19 dead in Central Fla. storms
By JIM ELLIS
The Associated Press
LADY LAKE, Fla. — Disaster crews with dogs went from one pile of debris to another in a search for bodies Friday after powerful storms, including at least one tornado, smashed hundreds of homes across central Florida and killed 19 people or more.
It was the deadliest combination of thunderstorms and tornados to hit Florida in nearly a decade, cutting a 40-mile swath of destruction across four counties just before daybreak, terrorizing residents of one of the nation's biggest retirement communities, and leaving trees and fields littered with clothes, furniture and splintered lumber.
"It was scary, really scary," said Patrick Smith, who lives in the Paisley area, where at least 13 deaths were reported. He said he saw a weather alert on television, grabbed his wife and "went straight to the floor." After the storm passed, he pulled the bodies of a man and his 9- or 10-year-old son from a neighboring house.
Florida's emergency management chief, Craig Fugate, said it could take several days to determine the exact number of dead, and the main priority was finding survivors who may be trapped.
Gov. Charlie Crist declared a state of emergency in four counties, but the worst damage was reported where the twister touched down in northern Lake County and eastern Volusia County. In typical tornado fashion, the storm hopscotched across the landscape, demolishing some homes and leaving others virtually untouched.
"Our priority today is search and rescue," said Crist, who toured the damaged area in his first natural disaster since taking office last month. "Everything's being done to get them the aid and assistance that they need."
Lake County spokesman Christopher Patton said there were 19 confirmed deaths, all in Lake County, about 50 miles northwest of Orlando. The dead included at least two high school students, authorities said. Numerous injuries were reported, but officials could not immediately estimate how many.
Officials in Lake and Volusia counties ordered dusk-to-dawn curfews in heavily damaged areas to prevent looting and injuries to residents trying to sift through wreckage in the dark.
Authorities said hundreds of houses, mobile homes and other buildings were damaged or destroyed. Volusia County reported a preliminary estimate of $80 million in damage involving 500 properties.
The storm left yards strewn with chairs, beds and clothes, knocked tractor-trailers onto their sides as if they were toys, and tore away roofs. Debris hung from trees, and some homes were thrown off their foundations.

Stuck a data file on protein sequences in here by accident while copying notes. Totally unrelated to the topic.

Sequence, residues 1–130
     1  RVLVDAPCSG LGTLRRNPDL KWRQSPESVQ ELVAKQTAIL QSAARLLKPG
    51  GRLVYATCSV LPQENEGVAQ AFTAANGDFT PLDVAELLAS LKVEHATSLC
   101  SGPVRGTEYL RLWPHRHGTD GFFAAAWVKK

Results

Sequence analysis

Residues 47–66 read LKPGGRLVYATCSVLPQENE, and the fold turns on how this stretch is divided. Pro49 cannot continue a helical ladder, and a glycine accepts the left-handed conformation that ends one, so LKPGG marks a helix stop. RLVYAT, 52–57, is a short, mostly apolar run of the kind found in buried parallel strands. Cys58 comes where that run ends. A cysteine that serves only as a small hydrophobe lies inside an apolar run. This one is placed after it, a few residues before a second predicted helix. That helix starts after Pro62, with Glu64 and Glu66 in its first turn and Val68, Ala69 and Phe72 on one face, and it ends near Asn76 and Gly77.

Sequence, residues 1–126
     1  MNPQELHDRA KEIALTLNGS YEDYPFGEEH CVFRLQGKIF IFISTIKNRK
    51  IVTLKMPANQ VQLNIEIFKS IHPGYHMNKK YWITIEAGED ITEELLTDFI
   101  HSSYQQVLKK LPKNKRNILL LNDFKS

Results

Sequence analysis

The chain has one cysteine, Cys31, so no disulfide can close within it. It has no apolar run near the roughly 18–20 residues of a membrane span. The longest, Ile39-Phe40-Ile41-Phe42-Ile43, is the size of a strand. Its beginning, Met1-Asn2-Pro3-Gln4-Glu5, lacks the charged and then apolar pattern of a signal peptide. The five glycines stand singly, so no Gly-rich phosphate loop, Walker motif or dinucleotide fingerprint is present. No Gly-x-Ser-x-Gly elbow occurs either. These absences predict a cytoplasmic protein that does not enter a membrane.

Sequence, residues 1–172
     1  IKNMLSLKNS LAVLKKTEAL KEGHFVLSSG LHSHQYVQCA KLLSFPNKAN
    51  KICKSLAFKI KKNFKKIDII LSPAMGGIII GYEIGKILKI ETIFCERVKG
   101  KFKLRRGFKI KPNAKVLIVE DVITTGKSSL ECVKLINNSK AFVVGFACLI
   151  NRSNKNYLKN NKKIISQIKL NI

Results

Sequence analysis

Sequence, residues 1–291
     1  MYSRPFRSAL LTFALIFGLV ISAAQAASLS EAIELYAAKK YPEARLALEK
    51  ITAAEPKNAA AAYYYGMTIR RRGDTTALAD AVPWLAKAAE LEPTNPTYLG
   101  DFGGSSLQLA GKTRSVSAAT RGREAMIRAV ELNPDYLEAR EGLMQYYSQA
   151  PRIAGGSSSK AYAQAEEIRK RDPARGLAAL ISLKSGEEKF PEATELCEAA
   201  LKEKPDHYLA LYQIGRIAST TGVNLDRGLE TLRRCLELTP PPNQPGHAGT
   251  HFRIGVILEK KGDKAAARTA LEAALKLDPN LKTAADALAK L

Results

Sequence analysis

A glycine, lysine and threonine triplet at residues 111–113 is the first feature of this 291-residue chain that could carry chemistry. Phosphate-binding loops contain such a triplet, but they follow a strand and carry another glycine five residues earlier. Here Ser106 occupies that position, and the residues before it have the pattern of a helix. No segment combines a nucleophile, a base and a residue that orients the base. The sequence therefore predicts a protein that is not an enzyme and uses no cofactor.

Bernadette Fields, 67, said two of her neighbors in mobile homes were blown through a bedroom wall into Lake Mack. Their bodies were found by their own dog, she said.
Dozens of rescue workers — many hardened by experience with Florida's multiple hurricanes — went from house to house, spray-painting big red X's to mark the husks of buildings that they had checked. Often they found people who awoke to the storm's roar and watched their homes disintegrate around them.
Lee Shaver, 54, said he and his wife, Irene, and their dog had "about 10 seconds" to take shelter in a closet before their roof was torn off.
"Every muscle and bone in my body shook," said Lee Shaver outside his damaged home in The Villages, one of the nation's largest retirement communities.
"It was terrifying. You're not thinking consciously. You're just trying to save your life," added his 55-year-old wife.
Tornado watches had been posted hours before the twister struck, and warnings were issued between eight and 15 minutes before they touched down, said meteorologist Dave Sharp of the National Weather Service in Melbourne.
But few people were listening to the radio or watching television at that hour, and few communities in the region have warning sirens.
"The most dangerous tornado scenario is a threat for killer tornadoes at night, and that was the case," Sharp said.
Vern Huber, 87, said his weather radio alarm went off around 3:30 a.m. and he and his wife, Louedna, 81, huddled in the hall and put pillows from the couch on top of themselves.
"It was a deafening roar," Huber said.
In Lady Lake, the Church of God was demolished, its pews, altar and torn Bibles left in a jumbled mess. The 31-year-old, steel-reinforced structure was built to withstand 150-mph winds, the Rev. Larry Lynn said.
By daybreak, parishioners gathered on the lot where the church once stood, hugging each other and consoling Lynn. They planned to clear the debris and hold Sunday services on the empty lot.
"That's just the building, the people are the church. We'll be back bigger and stronger," Lynn said.
While Lake County got the worst of it, Volusia County officials reported that 69 homes were damaged in New Smyrna Beach. A county medical clinic in DeLand was severely damaged.
"We heard a big boom then we heard the freight-train noise. All five of us got in the closet," said Linda Craig, 44, who lives in Hontoon Island, a heavily damaged area of Volusia County.
The winds lifted one tractor-trailer and dropped it on another, pinning the driver in his cab, said Kim Miller, a spokeswoman with the Florida Highway Patrol. The driver's injuries were not considered life-threatening.
About 10,000 customers were without power. Several counties opened shelters for those who lost their homes.
Friday's storms were reminiscent of past tornados during years where El Nino was a weather factor, as it was again in this case, said state meteorologist Ben Nelson.
In February 1998, five twisters hit near Orlando over two days, killing 42 people and damaging or destroying about 2,600 homes and businesses. It was Florida's deadliest tornado event on record.
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